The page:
Rejection is the content and context of this life that has chosen us and it forces us to face-off with our doubts and grow stronger.

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So You Think You Can Write?

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A recent poll shows that the majority of Brits would choose the writing life as their ideal career. At the Guardian, Tim Lott isn’t sure they could handle it:

To master dialogue, description, subtext, plot, structure, character, time, point of view, beginnings, endings, theme and much besides is a Herculean labour, not made more appealing by the fact that you always—always—fail.

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Weekend Rumpus Roundup

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First, say hello to our new Saturday media editor, Arielle Bernstein!

Then, in “All The World’s A Stage,” Grant Snider neatly illustrates our inner performer.

Poet Kent Shaw marvels at the “glandular muscularity” of water as a theme in Harmony Holiday’s dual book, A Famous Blues/Go Find Your Father.

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We Respectfully Decline

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At Guernica, Alexandria Peary observes a fine but lethal distinction between being declined and being rejected, a difference that had very real effects on the literary ambitions of nineteenth-century female writers. While to decline a submission implies thoughtful deliberation over that particular work, rejection is an all-encompassing denouncement of something larger: a category or, in this case, a gender:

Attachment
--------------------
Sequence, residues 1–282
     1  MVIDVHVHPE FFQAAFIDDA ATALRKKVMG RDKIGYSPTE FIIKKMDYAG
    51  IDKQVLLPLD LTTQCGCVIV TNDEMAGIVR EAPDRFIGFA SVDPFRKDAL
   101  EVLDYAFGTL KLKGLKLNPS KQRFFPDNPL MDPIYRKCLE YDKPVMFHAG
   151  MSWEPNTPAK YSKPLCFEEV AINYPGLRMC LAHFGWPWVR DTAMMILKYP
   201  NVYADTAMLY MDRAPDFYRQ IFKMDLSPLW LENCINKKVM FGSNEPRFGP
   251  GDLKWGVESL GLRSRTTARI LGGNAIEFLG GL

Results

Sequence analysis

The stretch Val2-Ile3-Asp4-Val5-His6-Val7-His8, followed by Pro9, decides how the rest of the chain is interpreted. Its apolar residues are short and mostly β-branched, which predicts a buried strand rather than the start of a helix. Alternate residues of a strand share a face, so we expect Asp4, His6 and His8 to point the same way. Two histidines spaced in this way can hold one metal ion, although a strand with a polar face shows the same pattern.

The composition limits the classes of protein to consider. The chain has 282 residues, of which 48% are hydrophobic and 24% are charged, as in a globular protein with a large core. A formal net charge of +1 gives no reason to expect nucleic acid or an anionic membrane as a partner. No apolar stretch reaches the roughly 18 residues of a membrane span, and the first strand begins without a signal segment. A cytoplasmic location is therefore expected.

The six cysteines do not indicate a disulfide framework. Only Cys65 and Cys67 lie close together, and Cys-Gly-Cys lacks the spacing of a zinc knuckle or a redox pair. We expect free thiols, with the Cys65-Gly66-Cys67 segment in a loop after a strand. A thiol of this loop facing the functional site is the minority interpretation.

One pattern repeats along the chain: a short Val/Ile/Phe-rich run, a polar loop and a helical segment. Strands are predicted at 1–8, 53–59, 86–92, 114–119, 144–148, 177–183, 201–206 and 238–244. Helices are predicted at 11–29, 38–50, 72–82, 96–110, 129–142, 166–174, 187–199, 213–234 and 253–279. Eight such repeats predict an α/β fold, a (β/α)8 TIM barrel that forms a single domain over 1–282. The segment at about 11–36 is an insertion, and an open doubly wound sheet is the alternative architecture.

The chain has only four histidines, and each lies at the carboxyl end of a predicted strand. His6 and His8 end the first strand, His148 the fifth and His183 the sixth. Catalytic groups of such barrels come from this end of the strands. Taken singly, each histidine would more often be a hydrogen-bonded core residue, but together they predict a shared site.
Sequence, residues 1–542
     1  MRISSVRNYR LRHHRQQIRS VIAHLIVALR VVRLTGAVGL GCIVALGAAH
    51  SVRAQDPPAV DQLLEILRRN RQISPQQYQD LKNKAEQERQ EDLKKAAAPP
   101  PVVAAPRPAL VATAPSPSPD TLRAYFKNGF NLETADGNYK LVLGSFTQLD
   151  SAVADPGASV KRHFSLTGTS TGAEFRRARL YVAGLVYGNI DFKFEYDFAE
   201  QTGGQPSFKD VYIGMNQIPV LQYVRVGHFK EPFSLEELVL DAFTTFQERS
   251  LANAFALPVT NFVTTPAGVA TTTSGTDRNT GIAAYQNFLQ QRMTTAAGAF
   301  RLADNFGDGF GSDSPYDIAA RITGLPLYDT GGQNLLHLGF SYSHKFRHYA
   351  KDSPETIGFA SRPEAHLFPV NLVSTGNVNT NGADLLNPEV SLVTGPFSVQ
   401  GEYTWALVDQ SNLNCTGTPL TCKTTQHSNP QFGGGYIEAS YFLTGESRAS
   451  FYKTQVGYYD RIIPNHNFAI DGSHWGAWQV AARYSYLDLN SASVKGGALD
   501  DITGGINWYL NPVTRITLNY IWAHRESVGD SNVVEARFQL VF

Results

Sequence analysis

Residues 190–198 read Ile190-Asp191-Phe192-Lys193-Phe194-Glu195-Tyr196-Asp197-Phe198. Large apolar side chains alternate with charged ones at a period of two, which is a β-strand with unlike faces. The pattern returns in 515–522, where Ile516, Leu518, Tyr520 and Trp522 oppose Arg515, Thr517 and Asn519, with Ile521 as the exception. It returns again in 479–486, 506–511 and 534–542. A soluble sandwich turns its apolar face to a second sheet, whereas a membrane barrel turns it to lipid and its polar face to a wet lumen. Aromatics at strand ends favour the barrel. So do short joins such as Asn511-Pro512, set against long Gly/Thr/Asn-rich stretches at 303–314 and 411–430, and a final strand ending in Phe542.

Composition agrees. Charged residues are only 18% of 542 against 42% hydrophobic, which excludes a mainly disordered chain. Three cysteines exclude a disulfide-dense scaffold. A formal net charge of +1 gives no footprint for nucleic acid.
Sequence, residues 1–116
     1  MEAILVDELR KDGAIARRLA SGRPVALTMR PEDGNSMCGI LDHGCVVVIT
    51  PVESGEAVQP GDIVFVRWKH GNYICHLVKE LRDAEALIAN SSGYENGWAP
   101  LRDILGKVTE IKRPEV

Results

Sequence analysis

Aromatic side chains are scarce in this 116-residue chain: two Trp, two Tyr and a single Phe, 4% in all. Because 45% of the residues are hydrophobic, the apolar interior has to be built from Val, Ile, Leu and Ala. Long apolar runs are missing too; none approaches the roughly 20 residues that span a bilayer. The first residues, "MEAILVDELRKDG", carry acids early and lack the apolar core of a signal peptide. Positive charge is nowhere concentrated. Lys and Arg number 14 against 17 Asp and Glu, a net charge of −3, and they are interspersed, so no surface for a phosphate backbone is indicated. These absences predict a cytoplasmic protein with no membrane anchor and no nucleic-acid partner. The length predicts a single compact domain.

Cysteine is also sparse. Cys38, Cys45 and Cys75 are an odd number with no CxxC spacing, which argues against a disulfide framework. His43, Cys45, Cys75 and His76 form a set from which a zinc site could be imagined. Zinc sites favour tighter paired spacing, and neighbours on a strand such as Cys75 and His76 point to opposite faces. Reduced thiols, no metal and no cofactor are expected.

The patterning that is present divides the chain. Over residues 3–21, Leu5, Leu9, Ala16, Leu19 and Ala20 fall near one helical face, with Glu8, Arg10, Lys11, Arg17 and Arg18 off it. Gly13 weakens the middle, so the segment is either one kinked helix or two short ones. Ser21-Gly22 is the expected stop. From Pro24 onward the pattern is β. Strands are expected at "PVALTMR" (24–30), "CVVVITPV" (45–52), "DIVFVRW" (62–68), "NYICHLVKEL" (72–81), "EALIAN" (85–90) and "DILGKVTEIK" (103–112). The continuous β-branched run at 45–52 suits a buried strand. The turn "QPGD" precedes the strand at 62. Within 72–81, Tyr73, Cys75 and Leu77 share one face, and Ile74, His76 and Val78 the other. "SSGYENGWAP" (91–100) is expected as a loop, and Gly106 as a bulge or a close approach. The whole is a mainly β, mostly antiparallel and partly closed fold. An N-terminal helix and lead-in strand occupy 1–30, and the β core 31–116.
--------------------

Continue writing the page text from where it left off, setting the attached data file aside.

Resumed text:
Women writers in the nineteenth century—when creative writing really got going as a possible profession—faced more rejections than declines, though probably more than a spoonful of dejection.

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Fail Better

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“Then again, you might not be the funny type. How about making the rejection letter poignant, depressing, or even hurtful? Push the envelope. Your audience is a bunch of bored writers begging for a little drama in their pathetic lives. Never be sort of poignant!

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Rejection Practice

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“The Rejection Generator rejects writers before an editor looks at a submission. Inspired by psychological research showing that after people experience pain they are less afraid of it in the future, The Rejection Generator helps writers take the pain out of rejection.”

Here’s a handy tool to support “rejection immunity” and ease the fear of sending submissions into the wild.

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Lit Mag Editors Should Do This, Too

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“… Professor Sandel says a “philosophically frank” university should tell those it rejects that “we don’t regard you as less deserving than those who were admitted” and that “it is not your fault that when you came along society happened not to need the qualities you had to offer.”

In a similar vein, those accepted should be told: “You are to be congratulated, not in the sense that you deserve credit for having the qualities that led to your admission – you do not – but only in the sense that the winner of a lottery is to be congratulated.